4. Creative & Placement

You’re finished creating your first Facebook campaign in Power Editor. But there’s nothing to run until you create an ad.

Want to create one?

Ready? Let’s go!

What You Are Going to Learn Today

Today’s lesson is Creative & Placement. We’re going to focus on the following:

  • How to Create an Ad
  • Naming Your Ad
  • Picking an Ad Type
  • Ad Destinations
  • URL Tags
  • Conversion Tracking
  • Placement

This lesson will not focus on the details of ad types, URL Tags, Conversion Tracking or Placement. It’s merely an overview. We’ll dig into each of those within Sections 3 and 4.

The Lesson

It’s time to create your first ad! This is going to be very surface level for now. I just want you to have a basic understanding of these things. We’ll dig in much more later, particularly on the topics of ad types, Conversion Tracking and placement.

How to Create an Ad

Using the test campaign you created, highlight it on the left. Then click Ads at the top, followed by the “Create Ad” button.

Facebook Power Editor Create Ad

You now have a blank canvas that looks like this:

Facebook Power Editor Blank Ad

Naming Your Ad

Naming your ad is a very important step. You are going to create many, many different ads. And you’ll even create multiple ads within the same campaign. So you’ll need to make sure that you can quickly determine what an ad is doing simply by looking at its name.

Here’s a naming convention that I like to use:

Base Name – Placement – Targeting – Bidding

So an example of this would be:

FBMAU Promoted Post – All Placements – Fans Only – oCPM Link Clicks

Facebook Power Editor Name Ad

Picking an Ad Type

I’ll spend a lot more time on this later. But I want to give you a general idea of what is here.

Within the “Type” drop-down are four different options.

Facebook Power Editor Ad Types

The only two you really need to focus on are Ad and Sponsored Story. The other two (Mobile Only Ad and Video Ad) can be created with the first two options.

There are five variations under the generic “Ad” option:

  • For a website: Not connected to a Page; drive traffic to your site.
  • For a Facebook Page: Get Likes for your Page.
  • For a Facebook Page using a Page post: Promote a post.
  • For an app on Facebook: Get installs of your app.
  • For a Facebook event: Get RSVPs for your event.

There are many variations under Sponsored Story.

Facebook Power Editor Sponsored Story Options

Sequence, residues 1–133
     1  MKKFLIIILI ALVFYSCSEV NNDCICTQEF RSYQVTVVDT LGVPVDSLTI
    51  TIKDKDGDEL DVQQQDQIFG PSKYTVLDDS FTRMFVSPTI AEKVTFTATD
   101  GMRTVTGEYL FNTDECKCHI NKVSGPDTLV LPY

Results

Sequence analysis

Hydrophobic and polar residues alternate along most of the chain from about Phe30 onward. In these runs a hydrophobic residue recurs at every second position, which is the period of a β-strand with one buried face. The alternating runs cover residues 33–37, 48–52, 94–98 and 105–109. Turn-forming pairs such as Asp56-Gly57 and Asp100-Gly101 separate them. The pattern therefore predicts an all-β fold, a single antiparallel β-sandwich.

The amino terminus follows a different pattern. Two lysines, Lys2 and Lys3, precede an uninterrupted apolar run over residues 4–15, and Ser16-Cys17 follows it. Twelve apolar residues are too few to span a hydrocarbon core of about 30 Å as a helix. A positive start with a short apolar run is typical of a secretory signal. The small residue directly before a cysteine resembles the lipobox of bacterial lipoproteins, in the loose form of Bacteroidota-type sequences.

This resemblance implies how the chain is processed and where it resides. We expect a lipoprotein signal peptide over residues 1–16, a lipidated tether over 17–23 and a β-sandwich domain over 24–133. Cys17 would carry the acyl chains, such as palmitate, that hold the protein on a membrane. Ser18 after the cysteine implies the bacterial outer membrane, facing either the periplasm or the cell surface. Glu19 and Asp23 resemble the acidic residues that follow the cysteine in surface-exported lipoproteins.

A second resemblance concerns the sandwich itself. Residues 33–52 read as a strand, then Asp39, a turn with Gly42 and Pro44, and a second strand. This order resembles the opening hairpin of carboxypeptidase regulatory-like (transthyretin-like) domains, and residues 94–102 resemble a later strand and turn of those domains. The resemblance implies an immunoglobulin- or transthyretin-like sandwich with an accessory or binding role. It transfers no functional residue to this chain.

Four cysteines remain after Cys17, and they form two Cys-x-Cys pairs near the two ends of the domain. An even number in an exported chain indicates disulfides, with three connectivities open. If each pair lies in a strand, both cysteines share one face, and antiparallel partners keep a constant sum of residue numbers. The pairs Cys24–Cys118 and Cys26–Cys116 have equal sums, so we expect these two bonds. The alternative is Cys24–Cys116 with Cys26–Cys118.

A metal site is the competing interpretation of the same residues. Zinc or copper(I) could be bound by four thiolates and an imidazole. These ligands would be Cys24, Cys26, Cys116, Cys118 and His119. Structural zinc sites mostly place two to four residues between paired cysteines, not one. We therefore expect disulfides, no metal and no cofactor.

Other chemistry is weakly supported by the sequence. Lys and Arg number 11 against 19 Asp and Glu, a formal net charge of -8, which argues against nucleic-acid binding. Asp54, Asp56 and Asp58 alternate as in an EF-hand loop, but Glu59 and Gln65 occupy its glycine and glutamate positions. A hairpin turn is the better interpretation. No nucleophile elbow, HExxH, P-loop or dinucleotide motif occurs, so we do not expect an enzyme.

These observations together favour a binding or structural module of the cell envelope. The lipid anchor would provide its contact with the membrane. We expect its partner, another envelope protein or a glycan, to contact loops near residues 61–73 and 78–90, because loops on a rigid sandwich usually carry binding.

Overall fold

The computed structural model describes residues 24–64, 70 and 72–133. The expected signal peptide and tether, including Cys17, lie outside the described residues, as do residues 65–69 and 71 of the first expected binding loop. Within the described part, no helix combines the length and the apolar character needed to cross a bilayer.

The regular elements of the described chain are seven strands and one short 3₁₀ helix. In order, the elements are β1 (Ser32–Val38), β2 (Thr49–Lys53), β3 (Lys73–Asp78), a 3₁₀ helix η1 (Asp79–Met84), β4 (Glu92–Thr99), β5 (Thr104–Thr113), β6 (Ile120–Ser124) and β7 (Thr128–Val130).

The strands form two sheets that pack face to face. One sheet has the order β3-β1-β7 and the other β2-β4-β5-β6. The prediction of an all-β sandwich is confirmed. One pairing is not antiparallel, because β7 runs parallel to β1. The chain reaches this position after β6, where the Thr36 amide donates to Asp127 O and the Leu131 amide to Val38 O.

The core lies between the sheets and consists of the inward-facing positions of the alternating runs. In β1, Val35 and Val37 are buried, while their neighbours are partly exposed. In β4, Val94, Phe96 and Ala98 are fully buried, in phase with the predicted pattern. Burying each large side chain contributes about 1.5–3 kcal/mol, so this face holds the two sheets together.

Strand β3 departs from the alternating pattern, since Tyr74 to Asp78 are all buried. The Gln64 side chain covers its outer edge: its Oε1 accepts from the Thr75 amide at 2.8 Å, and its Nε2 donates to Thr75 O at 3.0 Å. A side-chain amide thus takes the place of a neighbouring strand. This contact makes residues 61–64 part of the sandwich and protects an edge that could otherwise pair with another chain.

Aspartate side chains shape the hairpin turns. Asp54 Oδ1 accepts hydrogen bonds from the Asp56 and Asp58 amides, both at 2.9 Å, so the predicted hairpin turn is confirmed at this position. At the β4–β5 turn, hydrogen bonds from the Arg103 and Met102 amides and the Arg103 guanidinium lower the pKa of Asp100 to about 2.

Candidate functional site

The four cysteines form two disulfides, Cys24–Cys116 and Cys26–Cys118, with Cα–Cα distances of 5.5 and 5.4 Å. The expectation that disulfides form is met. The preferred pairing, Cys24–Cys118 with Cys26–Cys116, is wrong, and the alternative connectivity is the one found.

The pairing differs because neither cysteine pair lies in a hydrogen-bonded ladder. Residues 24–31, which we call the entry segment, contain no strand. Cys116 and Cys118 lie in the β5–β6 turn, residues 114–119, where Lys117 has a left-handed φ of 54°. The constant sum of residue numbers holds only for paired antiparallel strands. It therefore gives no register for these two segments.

All of the options make it seem more complicated than it is. In a nutshell, a Sponsored Story is promoting the activity of Facebook users with your Facebook Page, app, post or event. Whenever someone likes, comments, shares or creates any other story, you can turn that into an ad so more people see it.

Ad Destinations

The destination of an ad is going to be the Facebook Page, app or event that you’re promoting.

URL Tags

I’m not going to dig into this one right now, but URL tags are used for tracking purposes. Feel free to ignore for now.

Conversion Tracking

Again, this is an advanced feature that I will do an entire lesson on. But Conversion Tracking allows you to track how many users clicked on or saw your ad and then later converted on your website.


One of my favorite things about Power Editor is having control over where your ad is displayed.

Facebook Power Editor Placement Mobile Devices

You can choose All Facebook, Desktop (Sidebar and News Feed) Only, News Feed (Desktop and Mobile) Only, Desktop News Feed Only and Mobile News Feed Only.

If you include mobile, you can even target specific devices. Pretty amazing!


What did you learn today?

1. How to Create an Ad

2. How to Name an Ad

3. Introduction to Ad Types, Destination, Conversion Tracking and Placement

Your Assignment

Action Items:

  1. Using your test campaign create a test ad!
  2. Name your ad using the convention I recommend to be very specific
  3. Think about what you want to promote and where — do something different!

Related Reading

Need personal one-on-one help from Jon?
Set up a training session!